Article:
There are ways to expedite the charging process and sometimes lawyers can help with that. I would say, if you think you’re close to that deadline, call somebody fast because once that 300 days passes, then you basically lose that protection. I will say, not to be technical, if there’s anybody listening outside of Texas, there is a possibility that you can only get 180 days. It just depends on whether your state law has a different type of law protecting sex discrimination.
Justin: That’s a good point. This is not legal advice for anybody who’s listening. This is generally the law as we know it. In Texas, they call us, they call you, and they say, I need to file a charge of discrimination. Why do they need a lawyer? What is the process? Why can’t they go in front of a judge and jury? What should they expect?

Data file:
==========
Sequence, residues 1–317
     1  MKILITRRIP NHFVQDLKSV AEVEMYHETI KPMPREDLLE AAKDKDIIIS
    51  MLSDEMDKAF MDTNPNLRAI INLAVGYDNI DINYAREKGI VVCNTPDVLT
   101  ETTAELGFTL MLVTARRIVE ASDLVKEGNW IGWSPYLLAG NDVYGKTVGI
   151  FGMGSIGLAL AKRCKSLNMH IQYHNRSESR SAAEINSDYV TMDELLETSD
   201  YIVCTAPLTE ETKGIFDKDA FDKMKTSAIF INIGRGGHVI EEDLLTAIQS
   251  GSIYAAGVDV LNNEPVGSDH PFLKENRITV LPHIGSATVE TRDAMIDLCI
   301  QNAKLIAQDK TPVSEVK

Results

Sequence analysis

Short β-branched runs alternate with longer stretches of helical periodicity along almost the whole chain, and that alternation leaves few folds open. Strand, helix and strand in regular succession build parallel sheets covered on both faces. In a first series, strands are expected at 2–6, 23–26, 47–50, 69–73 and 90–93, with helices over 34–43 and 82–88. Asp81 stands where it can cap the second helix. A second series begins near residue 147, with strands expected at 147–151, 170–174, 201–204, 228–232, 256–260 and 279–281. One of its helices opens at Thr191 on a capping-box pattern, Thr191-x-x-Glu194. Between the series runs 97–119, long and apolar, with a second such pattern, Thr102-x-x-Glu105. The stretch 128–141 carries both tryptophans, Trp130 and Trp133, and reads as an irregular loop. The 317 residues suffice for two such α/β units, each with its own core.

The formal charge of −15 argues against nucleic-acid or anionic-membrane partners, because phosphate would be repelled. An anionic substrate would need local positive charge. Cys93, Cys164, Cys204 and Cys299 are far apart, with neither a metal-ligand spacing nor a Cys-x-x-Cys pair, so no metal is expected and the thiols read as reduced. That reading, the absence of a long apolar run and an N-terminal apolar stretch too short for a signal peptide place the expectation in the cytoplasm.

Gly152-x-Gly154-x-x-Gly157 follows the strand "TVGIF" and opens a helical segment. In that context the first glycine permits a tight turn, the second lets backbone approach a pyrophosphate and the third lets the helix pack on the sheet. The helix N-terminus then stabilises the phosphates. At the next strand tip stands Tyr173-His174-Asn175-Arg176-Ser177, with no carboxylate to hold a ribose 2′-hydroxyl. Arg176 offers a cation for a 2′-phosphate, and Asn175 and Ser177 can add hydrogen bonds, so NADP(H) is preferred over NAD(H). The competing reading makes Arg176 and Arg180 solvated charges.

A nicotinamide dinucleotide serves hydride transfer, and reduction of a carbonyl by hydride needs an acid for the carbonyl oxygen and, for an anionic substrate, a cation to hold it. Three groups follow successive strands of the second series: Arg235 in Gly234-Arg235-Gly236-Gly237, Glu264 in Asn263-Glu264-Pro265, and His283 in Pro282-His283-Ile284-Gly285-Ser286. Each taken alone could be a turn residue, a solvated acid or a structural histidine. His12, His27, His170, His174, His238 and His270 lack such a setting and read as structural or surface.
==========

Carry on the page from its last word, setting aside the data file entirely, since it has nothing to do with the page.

Lawrence: We file a charge of discrimination. The EEOC basically has six months to investigate whether there is in fact discrimination. Frankly, the EEOC is inundated with all types of claims and it’s hard for them to process those investigations within six months. Very frequently after the six months, we’ll actually request what we call a right to sue letter. That’s the document that we need to actually file a lawsuit in court.
If the EEOC does complete their investigation and conclude that there is discrimination, oftentimes they’ll work with the lawyers to try to help resolve the case so that it can be completed that administrative stage. I will say 99% of the cases, we get that right to sue letter, and we have to file a lawsuit within 90 days.
Justin: Somebody who gets their right to sue letter, you’re their lawyer. They’ve got the best team on the planet to handle this case. They know they were fired for reasons that they’re not allowed to be fired for. What can they expect in terms of damages? What is available to them?